Durham University has received criticism over its “radical” plan to convert its degrees solely online.
The University introduced online courses as a response to the COVID-19 pandemic, but a leaked document titled “Redesigning Durham’s Educational Offer” suggests that hundreds of modules offered at Durham could permanently be in an online format.
After the pandemic there would allegedly be a further conversion to online modules, with an aim to make at least 500 modules fully online by the end of the 2020-21 academic year.
The University and College Union (UCU) condemned the university’s move to cut “live” teaching by 25%, describing the change as “destructive” and “an attack on staff”.
UCU General Secretary Jo Grady continued: “The global pandemic is not an opportunity for universities to try to swiftly implement radical change. Changes to our higher education system should be led by staff from the ground up, whether they are necessitated by Covid-19 or not.”
None of us yet know what the 2020-21 academic year will look like, but we must plan now so that when we do, we have options properly developed and ready to implement
– Anthony Long
Over 300 Durham academics have also signed a letter to Vice-Chancellor Stuart Corbridge, protesting that they are “not opposing contingency measures, which are a necessary component of immediate term planning in the current crisis”, but instead are condemning “permanent changes to the curriculum in the midst of a global health crisis” which they view as “cynical and reckless.”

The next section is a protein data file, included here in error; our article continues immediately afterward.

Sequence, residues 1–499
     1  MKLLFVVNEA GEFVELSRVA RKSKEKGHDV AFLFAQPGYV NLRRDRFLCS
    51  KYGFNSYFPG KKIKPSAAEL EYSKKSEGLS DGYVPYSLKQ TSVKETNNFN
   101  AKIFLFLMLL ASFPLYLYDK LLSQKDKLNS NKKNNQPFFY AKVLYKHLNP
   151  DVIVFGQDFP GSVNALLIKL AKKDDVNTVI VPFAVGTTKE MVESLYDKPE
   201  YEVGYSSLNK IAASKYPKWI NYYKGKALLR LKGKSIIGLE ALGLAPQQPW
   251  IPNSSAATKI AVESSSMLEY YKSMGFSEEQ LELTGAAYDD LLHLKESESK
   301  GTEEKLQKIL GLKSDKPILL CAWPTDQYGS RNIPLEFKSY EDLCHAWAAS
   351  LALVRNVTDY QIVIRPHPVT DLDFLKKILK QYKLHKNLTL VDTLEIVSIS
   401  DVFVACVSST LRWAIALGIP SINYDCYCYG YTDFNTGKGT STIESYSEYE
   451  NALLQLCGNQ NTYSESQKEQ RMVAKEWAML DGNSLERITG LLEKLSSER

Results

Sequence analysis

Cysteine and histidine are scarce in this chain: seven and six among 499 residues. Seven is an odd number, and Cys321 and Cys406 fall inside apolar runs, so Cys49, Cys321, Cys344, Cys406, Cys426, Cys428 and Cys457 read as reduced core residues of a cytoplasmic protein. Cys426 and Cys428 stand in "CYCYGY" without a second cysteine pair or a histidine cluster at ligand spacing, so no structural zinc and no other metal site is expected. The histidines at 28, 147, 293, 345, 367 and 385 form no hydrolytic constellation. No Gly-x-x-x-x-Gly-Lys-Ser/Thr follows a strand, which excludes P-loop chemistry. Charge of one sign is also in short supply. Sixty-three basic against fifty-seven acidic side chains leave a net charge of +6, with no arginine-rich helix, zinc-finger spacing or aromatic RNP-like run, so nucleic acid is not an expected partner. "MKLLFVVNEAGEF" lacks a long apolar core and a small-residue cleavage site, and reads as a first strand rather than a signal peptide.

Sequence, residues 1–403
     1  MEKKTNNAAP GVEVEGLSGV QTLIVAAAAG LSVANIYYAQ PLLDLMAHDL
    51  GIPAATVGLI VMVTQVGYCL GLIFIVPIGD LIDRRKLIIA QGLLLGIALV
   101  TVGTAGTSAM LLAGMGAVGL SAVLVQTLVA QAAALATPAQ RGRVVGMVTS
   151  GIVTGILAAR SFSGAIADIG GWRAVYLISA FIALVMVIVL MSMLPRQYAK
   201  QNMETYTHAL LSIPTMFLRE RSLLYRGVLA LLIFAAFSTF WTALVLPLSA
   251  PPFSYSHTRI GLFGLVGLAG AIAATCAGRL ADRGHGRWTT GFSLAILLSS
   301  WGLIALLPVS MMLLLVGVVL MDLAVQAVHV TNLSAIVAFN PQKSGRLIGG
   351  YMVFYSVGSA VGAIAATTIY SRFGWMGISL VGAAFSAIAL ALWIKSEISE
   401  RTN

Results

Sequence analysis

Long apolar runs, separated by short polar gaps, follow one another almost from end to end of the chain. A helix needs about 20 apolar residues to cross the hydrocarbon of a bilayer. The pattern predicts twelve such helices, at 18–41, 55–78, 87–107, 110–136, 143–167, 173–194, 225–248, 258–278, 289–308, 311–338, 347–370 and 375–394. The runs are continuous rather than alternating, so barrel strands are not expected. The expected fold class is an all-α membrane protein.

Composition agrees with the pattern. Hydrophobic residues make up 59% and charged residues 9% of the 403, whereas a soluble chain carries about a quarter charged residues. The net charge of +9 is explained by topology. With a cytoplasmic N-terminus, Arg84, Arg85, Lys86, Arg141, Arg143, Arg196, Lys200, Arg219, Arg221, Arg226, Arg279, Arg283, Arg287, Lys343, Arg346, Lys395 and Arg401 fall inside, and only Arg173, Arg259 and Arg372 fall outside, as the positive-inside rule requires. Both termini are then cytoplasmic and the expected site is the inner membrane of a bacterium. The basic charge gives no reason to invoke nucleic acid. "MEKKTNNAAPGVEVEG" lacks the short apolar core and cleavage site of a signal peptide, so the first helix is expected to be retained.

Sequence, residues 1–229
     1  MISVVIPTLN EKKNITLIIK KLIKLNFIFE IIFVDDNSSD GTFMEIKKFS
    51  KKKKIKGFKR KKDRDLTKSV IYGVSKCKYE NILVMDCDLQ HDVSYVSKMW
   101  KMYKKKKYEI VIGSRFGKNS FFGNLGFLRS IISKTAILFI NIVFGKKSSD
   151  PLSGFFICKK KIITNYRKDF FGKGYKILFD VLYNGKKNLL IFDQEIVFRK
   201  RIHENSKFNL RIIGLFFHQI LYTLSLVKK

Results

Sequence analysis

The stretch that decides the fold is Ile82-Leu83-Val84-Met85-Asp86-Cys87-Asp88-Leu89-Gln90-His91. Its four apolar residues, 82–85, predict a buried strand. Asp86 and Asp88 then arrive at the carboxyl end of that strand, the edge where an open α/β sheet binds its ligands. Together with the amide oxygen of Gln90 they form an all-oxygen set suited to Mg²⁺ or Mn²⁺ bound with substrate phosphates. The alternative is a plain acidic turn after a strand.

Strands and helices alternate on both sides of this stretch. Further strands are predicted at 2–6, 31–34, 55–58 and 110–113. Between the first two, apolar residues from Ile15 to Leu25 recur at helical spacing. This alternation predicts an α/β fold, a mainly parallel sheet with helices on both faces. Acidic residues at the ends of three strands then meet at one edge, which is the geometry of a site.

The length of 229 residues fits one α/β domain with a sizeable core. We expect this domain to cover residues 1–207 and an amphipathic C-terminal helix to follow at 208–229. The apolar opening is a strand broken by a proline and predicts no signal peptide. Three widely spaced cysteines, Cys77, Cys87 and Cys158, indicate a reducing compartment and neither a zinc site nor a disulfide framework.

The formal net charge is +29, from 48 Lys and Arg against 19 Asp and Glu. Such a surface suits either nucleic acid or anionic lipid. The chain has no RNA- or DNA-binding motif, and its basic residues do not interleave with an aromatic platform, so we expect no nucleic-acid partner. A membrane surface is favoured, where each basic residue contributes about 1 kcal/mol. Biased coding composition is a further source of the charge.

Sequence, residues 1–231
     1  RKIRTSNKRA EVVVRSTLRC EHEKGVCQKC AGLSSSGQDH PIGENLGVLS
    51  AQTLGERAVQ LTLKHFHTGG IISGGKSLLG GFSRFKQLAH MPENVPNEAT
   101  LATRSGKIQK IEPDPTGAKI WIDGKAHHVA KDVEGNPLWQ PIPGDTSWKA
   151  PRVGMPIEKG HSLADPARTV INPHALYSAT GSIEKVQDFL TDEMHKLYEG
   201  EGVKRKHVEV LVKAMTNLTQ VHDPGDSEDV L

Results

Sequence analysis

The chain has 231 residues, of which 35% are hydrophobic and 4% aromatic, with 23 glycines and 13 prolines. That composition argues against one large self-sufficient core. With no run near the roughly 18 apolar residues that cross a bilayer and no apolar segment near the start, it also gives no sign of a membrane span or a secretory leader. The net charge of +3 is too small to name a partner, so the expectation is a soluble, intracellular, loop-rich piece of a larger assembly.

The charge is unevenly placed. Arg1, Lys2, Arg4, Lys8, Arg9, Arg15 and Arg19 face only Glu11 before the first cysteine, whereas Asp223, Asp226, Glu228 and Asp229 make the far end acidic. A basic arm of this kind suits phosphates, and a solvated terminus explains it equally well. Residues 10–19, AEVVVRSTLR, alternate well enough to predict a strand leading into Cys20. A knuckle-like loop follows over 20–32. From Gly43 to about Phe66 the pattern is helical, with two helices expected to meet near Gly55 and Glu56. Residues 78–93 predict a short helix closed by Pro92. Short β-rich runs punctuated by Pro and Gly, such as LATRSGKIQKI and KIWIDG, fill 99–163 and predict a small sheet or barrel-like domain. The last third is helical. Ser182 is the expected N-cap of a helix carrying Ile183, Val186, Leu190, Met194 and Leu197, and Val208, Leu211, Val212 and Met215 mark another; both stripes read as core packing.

Professor Antony Long, Durham University’s Deputy Vice-Chancellor and Provost, defended the “radical” proposals: “None of us yet know what the 2020-21 academic year will look like, but we must plan now so that when we do, we have options properly developed and ready to implement.
“Anticipating that some and perhaps a significant number of students will not be able to travel to and live in Durham, we are preparing an online, distance learning programme that is both inclusive and high-quality.”
The leaked document will be deliberated on by the University’s senate, its supreme power, later this month, and reveals a further plan to contract private education firm Cambridge Education Group Digital to develop a business case to implement the scheme.
Vice-Chancellor Stuart Corbidge has addressed the complaints, by saying that the contingency plans had been confused with separate plans to “explore the possibility of more online education”.
Professor Corbidge added that “the core of what we will offer educationally at Durham is the collegiate residential model” and that “the plan is for term to start on 5 October as normal”.